Botnet report: size isn't everything
The European Network and Information Security Agency (ENISA) has released a report on the methods for detecting, measuring and fighting botnets. Entitled "Botnets: Measurement, Detection, Disinfection and Defence" , the report describes various methods in the individual disciplines; among its findings is that the size of a botnet isn't a measure of the threat it represents.
Individual risks need to be evaluated for different groups of stakeholders, for instance in terms of a botnet's damage potential for an individual group, said the report. The detection of botnets is generally said to be difficult because, as an example, bots behind a gateway in a corporate network may only appear as a single IP address.
In its report, ENISA also makes recommendations on what needs to change on an organisational and policy level, beyond the mostly already solved technical issues, in order to enhance the capabilities for combating botnets. For example, ENISA said that ISPs should be given financial incentives for supporting their customers in the fight against malware. Another recommendation is to tackle the value-creation schemes of botnet operators to minimise the profitability of their botnets.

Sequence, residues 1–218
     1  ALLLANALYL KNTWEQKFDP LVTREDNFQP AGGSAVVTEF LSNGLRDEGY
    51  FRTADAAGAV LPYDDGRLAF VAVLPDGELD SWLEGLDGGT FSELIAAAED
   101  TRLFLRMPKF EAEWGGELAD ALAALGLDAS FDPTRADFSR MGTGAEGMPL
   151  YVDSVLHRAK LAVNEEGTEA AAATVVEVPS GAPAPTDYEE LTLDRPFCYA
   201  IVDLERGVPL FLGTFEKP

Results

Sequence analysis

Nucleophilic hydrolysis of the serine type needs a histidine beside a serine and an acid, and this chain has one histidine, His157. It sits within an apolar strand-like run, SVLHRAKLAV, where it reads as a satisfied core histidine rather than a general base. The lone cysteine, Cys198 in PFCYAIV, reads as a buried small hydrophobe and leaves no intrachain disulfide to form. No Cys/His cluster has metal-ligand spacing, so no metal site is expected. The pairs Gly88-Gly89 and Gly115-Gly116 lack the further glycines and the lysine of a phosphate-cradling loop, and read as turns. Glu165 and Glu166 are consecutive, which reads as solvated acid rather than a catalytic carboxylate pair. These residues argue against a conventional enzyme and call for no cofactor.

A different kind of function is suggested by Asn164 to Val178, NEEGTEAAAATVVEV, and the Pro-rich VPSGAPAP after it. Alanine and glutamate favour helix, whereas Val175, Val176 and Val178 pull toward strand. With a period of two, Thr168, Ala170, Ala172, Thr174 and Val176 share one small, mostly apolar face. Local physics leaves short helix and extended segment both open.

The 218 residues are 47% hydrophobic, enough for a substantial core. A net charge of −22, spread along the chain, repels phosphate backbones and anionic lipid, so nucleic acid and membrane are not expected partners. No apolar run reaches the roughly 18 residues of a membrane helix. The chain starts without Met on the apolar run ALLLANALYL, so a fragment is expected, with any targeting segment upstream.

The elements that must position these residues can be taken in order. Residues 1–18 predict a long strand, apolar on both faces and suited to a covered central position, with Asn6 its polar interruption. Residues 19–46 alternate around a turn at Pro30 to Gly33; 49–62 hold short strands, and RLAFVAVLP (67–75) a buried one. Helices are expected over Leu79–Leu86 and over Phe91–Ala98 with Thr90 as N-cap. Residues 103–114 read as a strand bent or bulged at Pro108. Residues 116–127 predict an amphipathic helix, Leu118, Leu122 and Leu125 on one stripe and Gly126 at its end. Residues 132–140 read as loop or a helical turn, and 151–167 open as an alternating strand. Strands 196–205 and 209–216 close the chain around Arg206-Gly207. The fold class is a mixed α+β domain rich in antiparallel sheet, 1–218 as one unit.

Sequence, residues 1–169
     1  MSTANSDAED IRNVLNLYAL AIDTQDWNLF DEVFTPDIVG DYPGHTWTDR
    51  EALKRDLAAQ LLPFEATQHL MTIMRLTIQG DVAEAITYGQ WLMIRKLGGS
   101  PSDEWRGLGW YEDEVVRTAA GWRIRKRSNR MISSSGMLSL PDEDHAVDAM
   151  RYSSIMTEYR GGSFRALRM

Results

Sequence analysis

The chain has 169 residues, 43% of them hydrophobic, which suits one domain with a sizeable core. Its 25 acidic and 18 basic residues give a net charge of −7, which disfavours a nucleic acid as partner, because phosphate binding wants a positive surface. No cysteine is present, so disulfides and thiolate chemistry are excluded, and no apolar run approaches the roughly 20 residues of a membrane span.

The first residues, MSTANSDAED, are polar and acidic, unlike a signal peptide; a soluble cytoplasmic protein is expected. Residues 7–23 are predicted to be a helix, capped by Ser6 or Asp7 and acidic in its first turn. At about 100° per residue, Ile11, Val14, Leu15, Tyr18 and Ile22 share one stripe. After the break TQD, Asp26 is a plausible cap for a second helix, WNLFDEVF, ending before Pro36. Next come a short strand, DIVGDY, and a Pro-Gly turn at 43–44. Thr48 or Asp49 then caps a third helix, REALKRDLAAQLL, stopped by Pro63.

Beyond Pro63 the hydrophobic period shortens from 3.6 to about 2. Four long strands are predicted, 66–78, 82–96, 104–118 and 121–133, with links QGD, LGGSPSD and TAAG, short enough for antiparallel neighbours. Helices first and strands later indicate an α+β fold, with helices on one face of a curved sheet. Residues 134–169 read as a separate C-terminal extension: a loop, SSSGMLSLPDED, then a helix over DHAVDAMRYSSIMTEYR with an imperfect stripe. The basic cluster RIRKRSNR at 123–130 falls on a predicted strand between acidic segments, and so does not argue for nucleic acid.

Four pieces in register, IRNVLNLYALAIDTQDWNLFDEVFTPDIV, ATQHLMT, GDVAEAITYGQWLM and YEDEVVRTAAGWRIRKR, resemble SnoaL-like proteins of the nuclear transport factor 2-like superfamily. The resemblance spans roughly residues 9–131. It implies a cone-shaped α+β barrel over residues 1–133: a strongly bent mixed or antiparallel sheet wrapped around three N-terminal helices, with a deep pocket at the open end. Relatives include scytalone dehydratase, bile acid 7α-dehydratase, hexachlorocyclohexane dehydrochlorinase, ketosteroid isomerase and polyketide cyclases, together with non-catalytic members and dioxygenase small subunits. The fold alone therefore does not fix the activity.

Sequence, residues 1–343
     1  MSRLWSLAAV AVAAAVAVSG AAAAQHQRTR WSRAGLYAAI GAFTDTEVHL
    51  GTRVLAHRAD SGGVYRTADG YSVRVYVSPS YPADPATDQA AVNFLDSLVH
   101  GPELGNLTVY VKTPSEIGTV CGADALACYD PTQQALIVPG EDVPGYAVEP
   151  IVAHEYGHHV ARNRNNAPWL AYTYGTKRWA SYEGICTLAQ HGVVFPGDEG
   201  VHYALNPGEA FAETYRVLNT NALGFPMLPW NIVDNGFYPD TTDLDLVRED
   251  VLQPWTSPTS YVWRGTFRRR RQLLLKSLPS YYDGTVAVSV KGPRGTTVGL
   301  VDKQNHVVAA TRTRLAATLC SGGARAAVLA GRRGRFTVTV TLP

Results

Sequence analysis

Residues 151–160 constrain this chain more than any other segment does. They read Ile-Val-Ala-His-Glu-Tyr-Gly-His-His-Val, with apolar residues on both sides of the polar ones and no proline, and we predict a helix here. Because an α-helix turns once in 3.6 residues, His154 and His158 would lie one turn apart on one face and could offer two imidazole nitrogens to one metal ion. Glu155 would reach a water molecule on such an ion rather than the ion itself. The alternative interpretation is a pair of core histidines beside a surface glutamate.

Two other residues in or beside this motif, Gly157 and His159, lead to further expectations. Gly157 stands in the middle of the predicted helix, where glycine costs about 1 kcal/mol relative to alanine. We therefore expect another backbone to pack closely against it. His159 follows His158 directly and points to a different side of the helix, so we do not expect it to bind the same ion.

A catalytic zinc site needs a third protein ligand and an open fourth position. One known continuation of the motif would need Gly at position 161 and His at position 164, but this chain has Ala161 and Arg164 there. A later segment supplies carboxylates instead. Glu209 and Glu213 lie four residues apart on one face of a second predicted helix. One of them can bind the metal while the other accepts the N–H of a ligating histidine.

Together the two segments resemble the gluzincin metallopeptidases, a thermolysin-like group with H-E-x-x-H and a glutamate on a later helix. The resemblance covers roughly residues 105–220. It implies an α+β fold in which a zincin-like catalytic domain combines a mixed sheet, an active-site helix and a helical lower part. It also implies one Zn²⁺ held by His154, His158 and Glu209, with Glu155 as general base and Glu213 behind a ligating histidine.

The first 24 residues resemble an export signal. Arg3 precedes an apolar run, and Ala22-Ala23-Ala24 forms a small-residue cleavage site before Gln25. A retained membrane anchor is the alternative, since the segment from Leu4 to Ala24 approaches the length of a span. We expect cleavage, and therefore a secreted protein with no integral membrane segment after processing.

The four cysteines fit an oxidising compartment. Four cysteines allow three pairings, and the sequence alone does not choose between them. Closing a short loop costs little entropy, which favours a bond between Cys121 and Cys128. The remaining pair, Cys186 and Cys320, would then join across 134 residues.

The successful mitigation of botnets is also reportedly hindered by unclear or inconsistent legislation across Europe. For instance, there is apparently no unified ruling on whether an IP address is to be treated as personal data. The exchange of information among EU member states should also be improved, said the report.
- Cloud guidelines for public bodies, a report on a recent ENISA report from The H.